167-169 Wardour StreetLondon W1F 8WR www.imli.co.uk
If you’re not in the income bracket that can afford to eat at Tamarind, the Michelin-starred Indian in Mayfair, you can at least afford to eat at Tamarind’s little sibling Imli in London’s Soho.
Food here is light on the pocket but also light on the stomach with plates of tapas-style dishes that offer a variety of choice for your money and the chance to share. We’ve always found it ideal for grabbing a quick bite before going on to the cinema, as the service is sharp and you don’t need to worry about being late for your date.
The same applies to lunch in these days of clock watching bosses – eat and get back to your workstation is the order of the day, ideally don’t go out at all.
Here at FP we belong to the old generation, when lunch was lunch and could sometimes last well into the evening. Even so, the idea of a snappy, healthy modern Indian lunch sounded good so we marched around the corner to Imli to try some of their new dishes.
The menu starts at £6.95 and nothing tops £11.50 (for a seafood platter) and we had tasters of a variety courtesy of Imli management.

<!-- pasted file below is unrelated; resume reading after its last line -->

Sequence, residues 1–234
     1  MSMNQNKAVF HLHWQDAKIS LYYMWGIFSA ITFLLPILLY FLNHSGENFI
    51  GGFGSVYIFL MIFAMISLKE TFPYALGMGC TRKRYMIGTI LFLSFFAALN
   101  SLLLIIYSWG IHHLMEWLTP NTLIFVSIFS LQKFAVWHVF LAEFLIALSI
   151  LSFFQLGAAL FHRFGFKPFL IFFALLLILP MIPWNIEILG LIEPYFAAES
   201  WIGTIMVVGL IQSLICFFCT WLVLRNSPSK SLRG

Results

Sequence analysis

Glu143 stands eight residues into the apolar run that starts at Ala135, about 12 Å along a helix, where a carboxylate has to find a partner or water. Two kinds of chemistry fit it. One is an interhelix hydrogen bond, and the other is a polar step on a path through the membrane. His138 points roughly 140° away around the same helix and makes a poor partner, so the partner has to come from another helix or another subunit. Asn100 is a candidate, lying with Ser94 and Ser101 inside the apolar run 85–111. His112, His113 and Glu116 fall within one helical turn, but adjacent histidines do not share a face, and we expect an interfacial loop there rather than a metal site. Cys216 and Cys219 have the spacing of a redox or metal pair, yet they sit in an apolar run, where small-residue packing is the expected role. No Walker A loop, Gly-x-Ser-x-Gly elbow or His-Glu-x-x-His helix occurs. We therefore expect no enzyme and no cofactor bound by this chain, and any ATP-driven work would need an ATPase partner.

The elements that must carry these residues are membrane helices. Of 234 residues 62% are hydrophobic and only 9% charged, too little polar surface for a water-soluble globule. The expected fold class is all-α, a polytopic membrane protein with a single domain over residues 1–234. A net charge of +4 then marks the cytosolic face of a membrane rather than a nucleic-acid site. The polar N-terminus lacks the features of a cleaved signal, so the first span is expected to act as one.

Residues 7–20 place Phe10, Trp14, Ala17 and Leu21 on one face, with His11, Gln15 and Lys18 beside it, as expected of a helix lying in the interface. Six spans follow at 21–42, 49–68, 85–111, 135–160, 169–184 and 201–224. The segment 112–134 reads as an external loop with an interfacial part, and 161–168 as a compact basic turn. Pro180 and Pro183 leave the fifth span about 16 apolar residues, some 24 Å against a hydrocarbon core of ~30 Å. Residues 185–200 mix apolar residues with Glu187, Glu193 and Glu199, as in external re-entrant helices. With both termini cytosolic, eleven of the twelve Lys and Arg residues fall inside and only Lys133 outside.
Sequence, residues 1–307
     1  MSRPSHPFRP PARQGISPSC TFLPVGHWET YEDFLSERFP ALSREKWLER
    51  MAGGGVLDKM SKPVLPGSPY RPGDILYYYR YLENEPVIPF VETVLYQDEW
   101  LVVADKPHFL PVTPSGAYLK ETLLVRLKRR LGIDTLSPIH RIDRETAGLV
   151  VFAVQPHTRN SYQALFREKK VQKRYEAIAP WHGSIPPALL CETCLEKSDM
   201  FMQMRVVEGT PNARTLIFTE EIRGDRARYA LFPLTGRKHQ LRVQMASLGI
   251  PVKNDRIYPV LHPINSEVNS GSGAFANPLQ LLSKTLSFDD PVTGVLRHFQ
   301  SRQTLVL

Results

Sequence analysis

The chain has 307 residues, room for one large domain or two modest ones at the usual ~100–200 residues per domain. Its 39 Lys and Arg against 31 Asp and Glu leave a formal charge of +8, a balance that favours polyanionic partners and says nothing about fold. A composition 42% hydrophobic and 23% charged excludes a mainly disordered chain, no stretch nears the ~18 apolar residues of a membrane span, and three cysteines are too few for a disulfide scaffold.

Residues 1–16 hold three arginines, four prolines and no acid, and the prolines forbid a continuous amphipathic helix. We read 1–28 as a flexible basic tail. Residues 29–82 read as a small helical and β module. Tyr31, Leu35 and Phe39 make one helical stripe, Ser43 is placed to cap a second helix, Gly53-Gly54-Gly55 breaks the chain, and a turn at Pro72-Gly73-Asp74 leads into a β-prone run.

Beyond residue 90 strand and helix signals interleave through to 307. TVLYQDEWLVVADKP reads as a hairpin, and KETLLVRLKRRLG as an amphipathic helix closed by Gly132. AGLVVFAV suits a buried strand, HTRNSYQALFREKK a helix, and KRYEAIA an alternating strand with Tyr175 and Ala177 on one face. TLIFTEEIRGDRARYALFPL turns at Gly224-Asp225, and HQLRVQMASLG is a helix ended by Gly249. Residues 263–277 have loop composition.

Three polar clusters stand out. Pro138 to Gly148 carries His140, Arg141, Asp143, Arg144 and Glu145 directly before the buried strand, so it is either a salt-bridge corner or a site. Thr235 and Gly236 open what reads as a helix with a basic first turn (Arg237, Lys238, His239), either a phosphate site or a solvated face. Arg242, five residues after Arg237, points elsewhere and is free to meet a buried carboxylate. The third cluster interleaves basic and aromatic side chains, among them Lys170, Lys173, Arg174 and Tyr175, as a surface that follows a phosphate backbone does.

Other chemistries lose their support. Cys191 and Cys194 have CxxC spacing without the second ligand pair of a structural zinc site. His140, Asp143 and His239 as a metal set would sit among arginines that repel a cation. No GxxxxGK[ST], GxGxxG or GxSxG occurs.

The Tilapia Amritsari, Tilapia fish in light batter and of gram flour, garlic and paprika was very good, the fish tasty and the batter crisp and light. The spicing sparky but mild. We liked the Papdi Chat, a real reminder of Indian street food with the cooling yoghurt against the tamarind, the crunchy wheat crisps and the healthy dose of bean sprouts.
The Indian Style Shepherd’s Pie was really just Shepherd’s with a bit of spice in, but it worked and on a cold day was a good filler. More authentic was the South Indian Fish Curry that was light fish in plenty of sauce to soak up with the masala rice and the decent nan breads – not too fluffy, nicely burnt at the edges and served in attractive triangles.
Also good was Tandoori Malai Chicken, hunky bits of breast chicken marinated in cheese and coriander stems (the leaves may look pretty, but it’s the stems that have the taste and flavour). I like my chicken a bit dryer to be honest, but I think I’m in a minority on that one.
Other dishes included some Aloo Tikki Ragda, a smooth potato cake enlivened with chickpeas and the sour bite of tamarind chutney, some tandoori’d paneer cheese and a rather succulent mango basil sorbet which actually was more like ice-cream in texture.
Imli definitely offers something attractive in a minimalist modern eating environment. Built for speed, not romantic dining, it has an excellent range of small dishes at a light price that are satisfying without being bloating and still packed full of flavour.